Interview: SalesOut

Paul Hill speaks to Marcus Vallance, head of wholesale & foodservice at SalesOut

PH: What service does SalesOut offer wholesalers? 

MV: SalesOut is an IRI company that offers a range of services to enable wholesalers to improve their businesses through data and insights.

Using its analytics capabilities, its technology and platform Unify, and in-depth reporting, SalesOut is able to create better joint business planning between suppliers and wholesalers.

Through enhanced visibility, suppliers are empowered to engage better with the right customer types, in the right stores, with the right products and at the right price, thanks to usable, accessible data.

SalesOut’s custom models then make increasingly accurate predictions on what the future looks like. The company ultimately ensures suppliers can trade more efficiently and effectively through wholesalers.

What work has SalesOut done with the industry recently? 

SalesOut has been working on a price and promotion review called an ‘assortment optimisation review’. It’s needed because one of the big challenges in wholesale is trying to be a retailer without actually owning the stores. How do you get that share of investment in a brand when you don’t own the stores? You can buy much better, but you need to sell better as well.

An assortment optimisation review enables the wholesaler to do both. If they implement the actions and/or the predictions turn out to be correct, the value return can be huge.

Read more: SalesOut founder returns as head of wholesale

What new technology should wholesalers be taking advantage of? 

Innovations in product and item registration is definitely one. If you’re a buying group, registration is vital because you’ve got multiple data sources coming in from various wholesalers, and you want everyone to have the same data. Bad data will always give bad results.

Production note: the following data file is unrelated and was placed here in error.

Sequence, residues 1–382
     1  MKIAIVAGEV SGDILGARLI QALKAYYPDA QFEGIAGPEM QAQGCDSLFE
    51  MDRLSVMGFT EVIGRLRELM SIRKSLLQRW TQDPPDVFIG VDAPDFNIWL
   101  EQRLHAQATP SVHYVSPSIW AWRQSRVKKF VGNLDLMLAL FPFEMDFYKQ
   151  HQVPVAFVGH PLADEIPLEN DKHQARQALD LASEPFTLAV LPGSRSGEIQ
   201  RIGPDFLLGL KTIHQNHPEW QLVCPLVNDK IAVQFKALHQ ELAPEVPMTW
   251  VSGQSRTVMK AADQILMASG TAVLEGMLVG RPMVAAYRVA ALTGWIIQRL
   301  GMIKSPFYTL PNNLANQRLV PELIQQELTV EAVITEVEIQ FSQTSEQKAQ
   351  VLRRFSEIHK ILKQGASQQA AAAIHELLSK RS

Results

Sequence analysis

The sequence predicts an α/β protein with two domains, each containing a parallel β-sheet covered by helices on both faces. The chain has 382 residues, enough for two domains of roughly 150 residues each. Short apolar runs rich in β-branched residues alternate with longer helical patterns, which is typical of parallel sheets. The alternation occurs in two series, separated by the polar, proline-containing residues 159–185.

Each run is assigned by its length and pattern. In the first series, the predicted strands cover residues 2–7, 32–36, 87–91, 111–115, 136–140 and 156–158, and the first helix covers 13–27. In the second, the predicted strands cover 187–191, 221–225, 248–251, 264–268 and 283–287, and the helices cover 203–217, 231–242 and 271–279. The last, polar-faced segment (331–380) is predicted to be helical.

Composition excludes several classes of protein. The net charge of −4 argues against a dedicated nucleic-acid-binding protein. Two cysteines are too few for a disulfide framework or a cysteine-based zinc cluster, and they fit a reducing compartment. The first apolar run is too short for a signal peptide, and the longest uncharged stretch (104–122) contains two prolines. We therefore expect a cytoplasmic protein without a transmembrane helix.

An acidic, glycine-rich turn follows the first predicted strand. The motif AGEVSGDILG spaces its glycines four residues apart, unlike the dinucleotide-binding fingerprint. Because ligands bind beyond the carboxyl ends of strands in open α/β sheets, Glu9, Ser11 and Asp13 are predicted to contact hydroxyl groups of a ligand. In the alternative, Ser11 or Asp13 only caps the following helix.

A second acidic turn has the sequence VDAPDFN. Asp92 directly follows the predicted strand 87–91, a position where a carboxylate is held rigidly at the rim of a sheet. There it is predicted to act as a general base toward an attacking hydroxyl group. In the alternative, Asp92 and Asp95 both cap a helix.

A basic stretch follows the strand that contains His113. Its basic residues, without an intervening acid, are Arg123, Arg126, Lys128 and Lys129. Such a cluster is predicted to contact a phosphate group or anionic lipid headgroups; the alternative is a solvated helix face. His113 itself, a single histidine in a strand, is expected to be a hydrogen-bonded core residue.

Another is a new development in forecasting. Because wholesale is becoming more and more about supply-chain efficiency, forecasting has never been more important. The businesses that succeed in the future will be those that have visibility right through from the wholesaler to the consumer, and that will be enabled by through-the-line forecasting.

Is the wholesale industry doing enough with data and research? 

We’re quite good at looking backwards and at what’s happened in the supply chain, but I don’t think we’re brilliant at sharing good-quality data on sales going out.

We need to be more visible, using data and insights better to work with partners. Retailers are sophisticated buyers because they collect and analyse huge volumes of customer data; wholesalers don’t have that luxury.

Wholesalers would make more informed decisions if they gained a better understanding into what drives retailer motives, so the industry needs to bring the barriers down.

What is the greatest challenge the wholesale industry faces from a technological perspective? 

The greatest future challenge for wholesalers is the same as it is for retailers and that’s losing human connections as a result of digitisation.

We now have contactless shopping, cashier-less tills, and e-commerce is going to continue to grow.

Everything is becoming increasingly faceless, and one of the challenges is how to keep personality and relationships within a store environment in which technology will become ever more prevalent.

Whether it’s retailer to consumer, or retailer to wholesaler, losing that one-to-one service element will come at a huge cost. Those human interactions are more important than we think.


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Paul Hill is the Editor of Better Wholesaling. He can be found on Twitter at @BW_PaulHill, or contacted via and 07960935659.


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